Goals, goals! We have set them and now is the time to act. Just don’t buy into the whole fad diet quick fix. This is the view of the Association for Dietetics in South Africa (ADSA) who says slow and steady wins the race.
It is only natural that you want to see that pandemic bulge shrink, it has been two whole years. But that is not how sustainable weight loss works.
Lila Bruk, a registered dietitian based in Johannesburg and spokesperson for ADSA, tells Health For Mzansi the key to sustainable weight loss lies in our patience and commitment to our goals for 2022.
“Set small achievable goals with the aim of achieving a loss of 0.5 to 1kg per week,” she says.
Zamantungwa Khumalo, who is based in Madadeni, in Newcastle in KwaZulu-Natal, is also a registered dietitian. She echoes Bruk’s sentiments and says,”You cannot change years of poor eating habits in just one week or one month. A healthy, balanced diet is the way to go, along with lifestyle changes such as increased regular physical activity.”
Meanwhile, registered dietitian Retha Harmse says a focus on building healthy routines rather than restrictions and deprivation help you stay focused on your health goals.
Avoid these pitfalls
Thinking about trying these trends in 2022? Well, the dieticians have some tea for you to sip on. Here are the five New Year health trends to avoid in 2022:
Stay away from the supplements
With promises of the fastest, easiest results, weight loss supplements can be tempting. But Bruk warns that most of these “natural wonders” are poorly regular and not scientifically tested for efficacy.
“Many of these products contain potentially harmful ingredients including stimulants, laxatives, diuretics and even banned substances,” she says.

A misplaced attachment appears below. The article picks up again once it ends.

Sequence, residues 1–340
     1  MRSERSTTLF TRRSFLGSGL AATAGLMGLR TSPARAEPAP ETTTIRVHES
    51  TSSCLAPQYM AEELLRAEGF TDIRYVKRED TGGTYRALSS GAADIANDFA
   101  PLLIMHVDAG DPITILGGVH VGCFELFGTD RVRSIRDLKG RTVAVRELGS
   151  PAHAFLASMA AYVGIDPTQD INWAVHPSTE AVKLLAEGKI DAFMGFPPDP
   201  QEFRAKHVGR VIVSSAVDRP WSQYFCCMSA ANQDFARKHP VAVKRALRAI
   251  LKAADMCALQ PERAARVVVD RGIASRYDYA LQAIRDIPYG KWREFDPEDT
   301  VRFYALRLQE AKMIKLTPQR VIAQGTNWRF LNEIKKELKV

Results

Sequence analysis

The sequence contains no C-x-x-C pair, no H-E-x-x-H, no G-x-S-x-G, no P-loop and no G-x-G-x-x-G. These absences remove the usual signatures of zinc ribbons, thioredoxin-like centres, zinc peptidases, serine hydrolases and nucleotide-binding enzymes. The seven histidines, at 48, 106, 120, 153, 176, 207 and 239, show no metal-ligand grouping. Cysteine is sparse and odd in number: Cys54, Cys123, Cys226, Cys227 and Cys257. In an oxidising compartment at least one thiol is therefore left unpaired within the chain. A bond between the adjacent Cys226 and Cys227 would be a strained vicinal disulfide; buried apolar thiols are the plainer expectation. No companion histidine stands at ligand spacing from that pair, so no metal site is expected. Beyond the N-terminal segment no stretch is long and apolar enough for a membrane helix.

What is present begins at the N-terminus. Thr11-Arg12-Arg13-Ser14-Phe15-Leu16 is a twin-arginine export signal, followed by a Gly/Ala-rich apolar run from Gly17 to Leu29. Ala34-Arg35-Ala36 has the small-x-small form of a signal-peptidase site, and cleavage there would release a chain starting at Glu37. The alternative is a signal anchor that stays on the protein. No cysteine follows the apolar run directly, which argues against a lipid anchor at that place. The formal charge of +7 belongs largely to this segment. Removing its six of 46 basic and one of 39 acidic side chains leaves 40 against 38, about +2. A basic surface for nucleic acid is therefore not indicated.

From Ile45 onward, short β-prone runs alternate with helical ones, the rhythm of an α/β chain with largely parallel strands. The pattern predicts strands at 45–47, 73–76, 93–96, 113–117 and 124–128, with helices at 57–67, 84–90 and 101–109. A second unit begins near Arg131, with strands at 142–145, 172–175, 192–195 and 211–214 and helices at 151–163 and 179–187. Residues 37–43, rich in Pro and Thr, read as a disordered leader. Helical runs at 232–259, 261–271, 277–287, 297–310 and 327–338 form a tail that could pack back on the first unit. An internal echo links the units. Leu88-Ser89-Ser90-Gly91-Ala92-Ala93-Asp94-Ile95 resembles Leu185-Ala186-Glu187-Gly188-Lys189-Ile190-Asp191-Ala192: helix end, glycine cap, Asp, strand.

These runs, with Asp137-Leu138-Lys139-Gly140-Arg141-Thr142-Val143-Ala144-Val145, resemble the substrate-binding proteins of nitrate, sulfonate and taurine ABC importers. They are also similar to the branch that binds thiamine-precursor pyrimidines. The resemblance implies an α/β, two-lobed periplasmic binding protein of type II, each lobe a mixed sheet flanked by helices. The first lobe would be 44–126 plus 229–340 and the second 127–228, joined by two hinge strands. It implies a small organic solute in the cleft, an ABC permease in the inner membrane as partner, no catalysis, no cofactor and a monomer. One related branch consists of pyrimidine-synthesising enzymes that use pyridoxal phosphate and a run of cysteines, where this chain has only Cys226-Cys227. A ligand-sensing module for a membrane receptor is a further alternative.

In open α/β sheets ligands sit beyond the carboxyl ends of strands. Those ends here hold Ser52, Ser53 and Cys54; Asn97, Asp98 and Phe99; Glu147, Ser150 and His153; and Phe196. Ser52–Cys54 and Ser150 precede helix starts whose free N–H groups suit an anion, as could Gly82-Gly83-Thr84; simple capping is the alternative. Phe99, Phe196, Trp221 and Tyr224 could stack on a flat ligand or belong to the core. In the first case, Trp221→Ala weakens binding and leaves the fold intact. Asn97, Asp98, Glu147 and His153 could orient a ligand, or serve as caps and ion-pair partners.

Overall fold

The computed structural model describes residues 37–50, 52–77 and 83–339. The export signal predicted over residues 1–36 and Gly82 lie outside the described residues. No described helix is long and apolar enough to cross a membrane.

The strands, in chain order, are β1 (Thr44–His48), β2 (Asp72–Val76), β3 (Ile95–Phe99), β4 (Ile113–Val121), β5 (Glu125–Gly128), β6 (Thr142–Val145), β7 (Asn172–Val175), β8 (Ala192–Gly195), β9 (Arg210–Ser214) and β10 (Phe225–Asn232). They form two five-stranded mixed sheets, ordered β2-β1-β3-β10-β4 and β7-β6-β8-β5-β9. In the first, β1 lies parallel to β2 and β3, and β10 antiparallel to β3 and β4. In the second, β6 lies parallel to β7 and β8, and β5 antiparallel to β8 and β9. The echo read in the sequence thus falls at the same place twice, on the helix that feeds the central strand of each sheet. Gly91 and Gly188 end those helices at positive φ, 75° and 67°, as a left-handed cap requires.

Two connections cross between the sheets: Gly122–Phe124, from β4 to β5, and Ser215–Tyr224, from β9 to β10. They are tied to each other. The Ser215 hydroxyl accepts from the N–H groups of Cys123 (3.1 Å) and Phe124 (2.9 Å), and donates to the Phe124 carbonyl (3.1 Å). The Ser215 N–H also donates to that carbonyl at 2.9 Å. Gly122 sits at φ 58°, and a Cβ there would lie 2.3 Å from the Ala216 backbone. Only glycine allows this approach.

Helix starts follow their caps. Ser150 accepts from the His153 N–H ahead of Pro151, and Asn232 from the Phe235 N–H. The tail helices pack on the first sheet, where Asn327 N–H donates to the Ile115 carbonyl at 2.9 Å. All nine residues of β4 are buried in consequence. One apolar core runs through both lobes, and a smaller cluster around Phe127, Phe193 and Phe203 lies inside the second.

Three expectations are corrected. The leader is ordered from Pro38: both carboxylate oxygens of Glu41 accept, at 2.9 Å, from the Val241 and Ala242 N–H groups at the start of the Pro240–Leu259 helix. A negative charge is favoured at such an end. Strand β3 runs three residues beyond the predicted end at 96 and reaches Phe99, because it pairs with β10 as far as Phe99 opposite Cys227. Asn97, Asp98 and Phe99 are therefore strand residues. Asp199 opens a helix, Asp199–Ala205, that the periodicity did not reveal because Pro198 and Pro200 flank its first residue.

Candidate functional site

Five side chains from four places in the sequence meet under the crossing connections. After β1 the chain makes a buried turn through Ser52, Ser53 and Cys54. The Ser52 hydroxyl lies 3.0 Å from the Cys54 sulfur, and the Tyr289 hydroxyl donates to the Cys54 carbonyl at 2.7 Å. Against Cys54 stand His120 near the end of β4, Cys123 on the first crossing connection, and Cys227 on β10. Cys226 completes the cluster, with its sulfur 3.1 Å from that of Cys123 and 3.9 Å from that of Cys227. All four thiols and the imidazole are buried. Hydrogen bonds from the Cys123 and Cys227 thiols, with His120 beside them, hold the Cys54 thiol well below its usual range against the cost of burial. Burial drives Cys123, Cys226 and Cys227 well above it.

“The only way to achieve successful weight loss and maintain your healthy weight is to follow a sustainable, balanced eating plan combined with regular physical activity.”
Carbs are not the enemy
Carbs are just that kid everybody loves to hate, and we really give them too little credit. And in Harmse’s books, “Demonising carbohydrates for causing weight gain is like blaming cars for all accidents.”
“It is a bit more complex than that!” she says.
The key to an optimal diet lies in portion control, she advises. “Carbs are important sources of fibre, vitamins and minerals. For weight loss eating plans, choose wholegrain and complex carbohydrates as far as possible. Carbohydrates have the same energy density as protein at 17 kilojoules per gram, and you can easily reduce your daily kilojoule intake for weight loss without eliminating carbohydrates.”
Staying fuller for longer
There’s nothing like hunger to derail your efforts to lose weight, and so preventing hunger is an important strategy when you are following a weight loss eating plan.
Fibre is the plug says Bruk. “High fibre foods include legumes, fruit, vegetables and whole grains such as brown rice and quinoa. Protein and fat also add to the satiety of a meal. To feel satisfied with your meals, ensure that half your plate is covered with vegetables and salad; a quarter of your plate is a serving of lean protein such as chicken, legumes, or fish; and the last quarter is fibre-rich whole grains. Include a small portion of unsaturated fats such as olives, avocado, nuts, seeds or olive oil for a fully balanced and filling meal that will enhance your weight loss.”
How to eat clean?
Clean eating trends have become increasingly popular and are often taken up by those committed to healthy lifestyles, wellness and self-care. According to Khumalo, clean eating includes a variety of the different whole-foods such as fruits and vegetables, lean meat, skinless chicken and fish.
Cooking methods also determine how clean your food is.
Do not buy into the fear associated with the eating style warns Harmse.
“Following clean eating regimes can elicit so much food fear, food guilt and cause people to become overly restrictive and anxious about food. It’s important to take a balanced approach that enables you to enjoy your food as you make the best food choices that are available to you at the time, and rather avoid radicalism which causes unnecessary stress around food and eating.”
The ’I’ in Intermittent fasting
Intermittent fasting regimes focus on when you eat rather than what you eat. They demand lifestyle changes and should not be done without consultation with your doctor first as fasting is not safe for all people.
Harmse says, “Fasting shows quick weight loss but it is not sustainable. It can lead to muscle breakdown; a slower metabolic rate and interference with your liver enzymes. When we are in a fasting state, the body’s energy first comes from glycogen, the glucose stores in our muscle and liver, and then from your muscle in a process called *gluconeogenesis.”